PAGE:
Family History Fun: 20 Questions to Ask the Grans This Holiday

grandmother and granddaughter
Photo by Cuiyan Liu / Stocksy United

Have some grandparents or great aunts and uncles in your holiday plans? Turns out visiting with their elders could be great for your children's sense of well-being. According to research from Emory University, sharing your family's history with your child can make a real (and positive) impact on your children’s sense of identity, ability to cope with stress, and overall health and happiness.

That may sound surprising. Could knowing about Grandpa’s first job or where great grandma went to high school really help your child deal with bullying or a pile of difficult homework? The answer is yes.

Children who know the story of their family—including accomplishments and struggles alike—feel the support of their “tribe” and can sense their place in the world. One way to learn the family history? Have children ask questions themselves in an interview, ideally with a mug of warm cider in their hands and fire in the fireplace.

This family project is a wonderful way to celebrate the season—and odds are you’ll learn a few things yourself.

To make the most of your interview session, you can record the questions and answers on video or record audio with your phone. Prefer lo-fi? Create a family history journal using the stories you hear. That will be a tangible memento from childhood that truly lasts a lifetime.

20. Questions to Ask Your Elders

  1. Where did you grow up?
  2. What was your town like?
  3. What were some of the most important things to your family?
  4. What was your house like? Did you have your own room?
  5. What do you remember about your grandparents? What country did they come from?
  6. Who were your friends when you were little? Did you ever get into arguments with them? Did they ever tease you?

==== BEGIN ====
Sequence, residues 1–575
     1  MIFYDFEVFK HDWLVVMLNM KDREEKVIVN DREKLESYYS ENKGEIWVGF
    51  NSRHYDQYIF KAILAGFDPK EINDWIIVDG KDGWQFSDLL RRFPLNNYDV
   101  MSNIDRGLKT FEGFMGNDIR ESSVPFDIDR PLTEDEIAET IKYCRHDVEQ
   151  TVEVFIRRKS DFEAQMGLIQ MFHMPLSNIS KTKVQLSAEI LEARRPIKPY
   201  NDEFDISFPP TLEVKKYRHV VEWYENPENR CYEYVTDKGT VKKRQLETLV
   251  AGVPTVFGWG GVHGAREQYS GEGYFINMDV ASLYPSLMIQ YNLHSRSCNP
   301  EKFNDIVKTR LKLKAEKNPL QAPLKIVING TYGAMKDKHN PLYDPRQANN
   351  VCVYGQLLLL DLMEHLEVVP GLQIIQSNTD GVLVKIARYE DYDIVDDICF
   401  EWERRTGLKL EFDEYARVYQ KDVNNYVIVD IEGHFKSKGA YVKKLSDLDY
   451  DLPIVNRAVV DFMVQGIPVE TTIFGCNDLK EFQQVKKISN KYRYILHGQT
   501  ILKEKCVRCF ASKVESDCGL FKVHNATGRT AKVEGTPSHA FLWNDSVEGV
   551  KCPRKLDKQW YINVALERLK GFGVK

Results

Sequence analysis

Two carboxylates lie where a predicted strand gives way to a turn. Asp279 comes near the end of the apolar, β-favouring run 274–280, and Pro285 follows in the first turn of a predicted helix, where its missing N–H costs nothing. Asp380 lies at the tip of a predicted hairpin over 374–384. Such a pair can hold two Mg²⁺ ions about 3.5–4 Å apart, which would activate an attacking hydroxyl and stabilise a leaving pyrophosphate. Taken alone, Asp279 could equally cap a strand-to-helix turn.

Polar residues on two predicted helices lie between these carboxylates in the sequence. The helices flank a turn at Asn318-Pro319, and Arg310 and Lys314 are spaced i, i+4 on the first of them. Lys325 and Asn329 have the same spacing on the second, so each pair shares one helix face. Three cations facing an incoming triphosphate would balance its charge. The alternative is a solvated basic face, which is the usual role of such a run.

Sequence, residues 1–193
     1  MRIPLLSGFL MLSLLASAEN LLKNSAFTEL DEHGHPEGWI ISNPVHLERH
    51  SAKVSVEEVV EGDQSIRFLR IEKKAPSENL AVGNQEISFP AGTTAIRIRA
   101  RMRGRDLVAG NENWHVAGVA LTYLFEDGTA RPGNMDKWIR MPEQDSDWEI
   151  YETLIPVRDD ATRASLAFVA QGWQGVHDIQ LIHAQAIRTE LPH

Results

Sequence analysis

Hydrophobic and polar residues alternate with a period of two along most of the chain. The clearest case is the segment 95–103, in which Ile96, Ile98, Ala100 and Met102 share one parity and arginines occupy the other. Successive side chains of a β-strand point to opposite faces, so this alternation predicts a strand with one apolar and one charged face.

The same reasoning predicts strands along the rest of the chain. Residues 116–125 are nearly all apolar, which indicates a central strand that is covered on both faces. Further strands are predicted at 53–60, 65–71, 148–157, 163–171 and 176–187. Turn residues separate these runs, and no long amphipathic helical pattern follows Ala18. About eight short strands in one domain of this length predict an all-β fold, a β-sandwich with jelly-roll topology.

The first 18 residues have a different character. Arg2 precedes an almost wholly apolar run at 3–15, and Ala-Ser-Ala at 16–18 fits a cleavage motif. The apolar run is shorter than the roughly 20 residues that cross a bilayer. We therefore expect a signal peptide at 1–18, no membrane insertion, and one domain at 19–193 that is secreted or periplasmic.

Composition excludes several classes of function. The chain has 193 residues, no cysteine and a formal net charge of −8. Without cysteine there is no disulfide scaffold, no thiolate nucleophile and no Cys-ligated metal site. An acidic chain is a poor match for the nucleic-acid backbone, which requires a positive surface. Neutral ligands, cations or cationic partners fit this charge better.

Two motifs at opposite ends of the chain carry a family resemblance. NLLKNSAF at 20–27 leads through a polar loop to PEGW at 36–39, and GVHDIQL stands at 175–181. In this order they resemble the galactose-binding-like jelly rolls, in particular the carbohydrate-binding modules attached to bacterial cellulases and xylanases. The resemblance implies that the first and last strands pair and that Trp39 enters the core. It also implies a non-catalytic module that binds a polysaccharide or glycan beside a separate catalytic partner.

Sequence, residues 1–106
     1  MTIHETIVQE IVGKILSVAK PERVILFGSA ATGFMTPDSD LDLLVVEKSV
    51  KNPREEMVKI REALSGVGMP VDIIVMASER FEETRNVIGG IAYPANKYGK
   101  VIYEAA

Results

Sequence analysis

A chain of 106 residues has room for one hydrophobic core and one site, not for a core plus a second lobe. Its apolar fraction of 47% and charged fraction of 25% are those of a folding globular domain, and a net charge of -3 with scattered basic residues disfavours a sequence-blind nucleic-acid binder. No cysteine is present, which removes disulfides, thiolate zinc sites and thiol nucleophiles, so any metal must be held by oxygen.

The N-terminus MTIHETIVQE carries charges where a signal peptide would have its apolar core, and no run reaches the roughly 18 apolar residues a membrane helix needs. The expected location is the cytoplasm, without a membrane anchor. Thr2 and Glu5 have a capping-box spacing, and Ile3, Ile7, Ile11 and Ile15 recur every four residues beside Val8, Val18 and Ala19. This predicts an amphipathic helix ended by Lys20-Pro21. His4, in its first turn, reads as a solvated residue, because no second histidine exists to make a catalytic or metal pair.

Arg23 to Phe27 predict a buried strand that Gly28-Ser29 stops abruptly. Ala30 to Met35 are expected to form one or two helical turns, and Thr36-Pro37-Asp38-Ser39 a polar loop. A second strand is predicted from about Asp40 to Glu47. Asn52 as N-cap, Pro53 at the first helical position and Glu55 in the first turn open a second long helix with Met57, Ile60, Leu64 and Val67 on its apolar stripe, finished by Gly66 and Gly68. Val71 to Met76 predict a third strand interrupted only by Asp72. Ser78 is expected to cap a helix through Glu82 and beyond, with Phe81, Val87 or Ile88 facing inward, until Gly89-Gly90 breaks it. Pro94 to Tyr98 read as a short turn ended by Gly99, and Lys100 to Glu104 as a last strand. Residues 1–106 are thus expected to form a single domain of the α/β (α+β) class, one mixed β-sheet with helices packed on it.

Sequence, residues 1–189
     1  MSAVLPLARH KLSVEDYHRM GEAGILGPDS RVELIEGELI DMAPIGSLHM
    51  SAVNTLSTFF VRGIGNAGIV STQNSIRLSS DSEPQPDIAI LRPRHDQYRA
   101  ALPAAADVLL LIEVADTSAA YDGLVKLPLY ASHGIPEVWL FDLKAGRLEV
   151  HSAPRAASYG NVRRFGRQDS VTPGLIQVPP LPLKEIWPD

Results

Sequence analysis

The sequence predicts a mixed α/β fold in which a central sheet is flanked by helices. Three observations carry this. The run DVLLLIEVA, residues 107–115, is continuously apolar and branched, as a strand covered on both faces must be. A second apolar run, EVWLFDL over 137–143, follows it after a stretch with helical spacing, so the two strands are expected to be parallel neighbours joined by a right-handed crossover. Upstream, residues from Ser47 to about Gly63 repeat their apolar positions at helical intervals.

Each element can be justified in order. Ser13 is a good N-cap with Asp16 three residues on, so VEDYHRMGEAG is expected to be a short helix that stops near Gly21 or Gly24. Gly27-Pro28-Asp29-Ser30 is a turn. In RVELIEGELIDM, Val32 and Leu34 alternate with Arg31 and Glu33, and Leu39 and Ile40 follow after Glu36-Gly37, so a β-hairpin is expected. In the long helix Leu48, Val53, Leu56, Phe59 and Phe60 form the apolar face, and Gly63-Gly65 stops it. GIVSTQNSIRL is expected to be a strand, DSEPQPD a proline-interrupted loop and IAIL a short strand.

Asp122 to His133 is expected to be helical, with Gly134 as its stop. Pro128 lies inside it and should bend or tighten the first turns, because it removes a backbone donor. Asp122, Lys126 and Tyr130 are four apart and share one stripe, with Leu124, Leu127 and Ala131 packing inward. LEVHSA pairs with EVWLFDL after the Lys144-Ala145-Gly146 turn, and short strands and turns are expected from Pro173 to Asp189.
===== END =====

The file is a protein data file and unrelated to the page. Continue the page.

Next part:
7. What were your favorite foods when you were little?
  8. What kind of phones did you have? What major inventions can you remember?
  9. Where did you go to school? What did you like about school, and what didn’t you like?
  10. How did you celebrate holidays when you were little?
  11. What was the best gift you ever received?
  12. What were you like as a teenager and what did you do for fun?
  13. What was your favorite kind of music?
  14. What was your first job?
  15. How did you start your career and how did you decide what you wanted to do for a living?
  16. How did you meet your husband/wife and what was your wedding like?
  17. What things frightened you as a child?
  18. What important lessons have you learned in your life?
  19. If you had three wishes, what would they be?
  20. What is your very best memory?

If your older family members have passed away, share your own memories of your family and show your child photographs and family heirlooms to make those family members come alive.

It can be helpful to make a family tree or a memory book of your major family moments. Even sharing the lessons you’ve learned in your own life can make a big difference—share your experiences with bullying, sports, television, fashion…anything you can think of!

You’ll feel more connected to your own past, and help your child grow up healthy and happy. Now that’s a win/win.

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